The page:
This Week in Toronto (Feb. 21 - 27)
The highlight this week is the welcome return of Charles Dutoit to the Toronto Symphony to conduct a concert version of Berlioz's La Damnation de Faust (Feb. 26 and 28, 8 pm, at Roy Thomson Hall). Despite the very striking Robert Lepage production mounted at the Metropolitan Opera that was shown as part of the current Met in HD series, this piece is problematic as a staged work due to its static nature. Here we will have a performance as originally intended.
Heading the cast is a trio of operatic veterans - mezzo Susanne Mentzer as Marguerite, bel canto tenor Gregory Kunde as Faust, and Sir Willard White as Mephistofeles. Also featured is a rising star, New Zealand bass baritone Jonathan Lemalu in a supporting role. Mezzo Mentzer has sung at the COC in the past, and I have heard her on a number of occasions in Santa Fe. A noted Rosina, Cherubino and Octavian, among other roles, Mentzer has moved - perhaps too soon - to character mezzo parts in recent years, as the voice is still in fine shape. It is good to know that she has not left the leading roles entirely behind her and I look forward to her Marguerite. Having made his name in the bel canto repertoire, tenor Gregory Kunde has branched out to a broader repertoire as his voice has grown in size and heft, including a very fine Aeneas in Berlioz's Les Troyens a few season's back. He is known for his handsome stage presence and high notes to burn, which I had the pleasure of hearing several seasons ago in a Santa Fe Opera Ermione. I also recall his Camille in Merry Widow for the COC more than 20 years ago. His voice is undoubtedly very different now, and he will have the power and presence to be a creditable Faust. Completing the trio will be Sir Willard White. He is the Wotan in the current Ring at Aix en Provence, so it will be interesting to hear him in a French role.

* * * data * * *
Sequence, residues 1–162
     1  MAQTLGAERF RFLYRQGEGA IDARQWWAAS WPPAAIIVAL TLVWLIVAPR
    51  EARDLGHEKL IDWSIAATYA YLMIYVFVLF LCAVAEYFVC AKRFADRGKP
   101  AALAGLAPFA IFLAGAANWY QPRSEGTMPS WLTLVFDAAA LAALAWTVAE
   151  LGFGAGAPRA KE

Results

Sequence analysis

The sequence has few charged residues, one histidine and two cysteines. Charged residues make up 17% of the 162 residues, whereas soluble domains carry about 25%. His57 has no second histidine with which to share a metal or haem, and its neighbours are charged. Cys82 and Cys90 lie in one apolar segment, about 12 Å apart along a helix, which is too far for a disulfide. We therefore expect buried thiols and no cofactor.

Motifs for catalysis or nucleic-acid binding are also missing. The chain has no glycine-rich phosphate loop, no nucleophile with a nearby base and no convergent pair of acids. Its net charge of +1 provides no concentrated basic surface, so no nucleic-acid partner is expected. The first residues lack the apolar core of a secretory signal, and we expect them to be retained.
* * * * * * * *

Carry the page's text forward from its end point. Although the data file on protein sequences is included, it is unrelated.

Elsewhere in the concert scene, violinist Midori will give the third of her performances of Shostakovich Violin Concerto No. 1 with the Toronto Symphony on Feb. 21, 7:30 pm at Roy Thomson Hall. A frequent visitor to Toronto, Midori has a huge local following. Also on the program is Schumann's Spring Symphony. Saturday's performance is called a "Casual Performance", starting a half hour earlier than usual, and part of the program is cut, in this case Borodin's In the Steppes of Central Asia. After the show, there will be some sort of entertainment in the lobby, usually a Jazz Ensemble. Leading the TSO is Czech guest conductor Jun Maerkl.
Finally, for something different, check out the world premiere of Ines, a chamber opera inspired by Portuguese Fado music. The composer is Canadian James Rolfe of Beatrice Chancey fame, with a libretto by Paul Bentley. It is a tragic love story based on the Portuguese legend of Ines de Castro, with the story adapted to Toronto's Portuguese community experience in the 1960's. Soloists are Giles Tomkins, Shannon Mercer, Thomas Goerz, and Elizabeth Turnbull, all well known in the Canadian music scene. The show also features Portuguese Fado singer Ines Santos. There are five performances at the Enwave Theatre in the Toronto Harbourfront (Feb. 21, 25, 26, 28, and March 1). Call Harbourfront Centre Box Office at 416-973-4000 for tickets, or visit http://www.harbourfrontcentre.com/ or http://www.queenofpuddingsmusictheatre.com/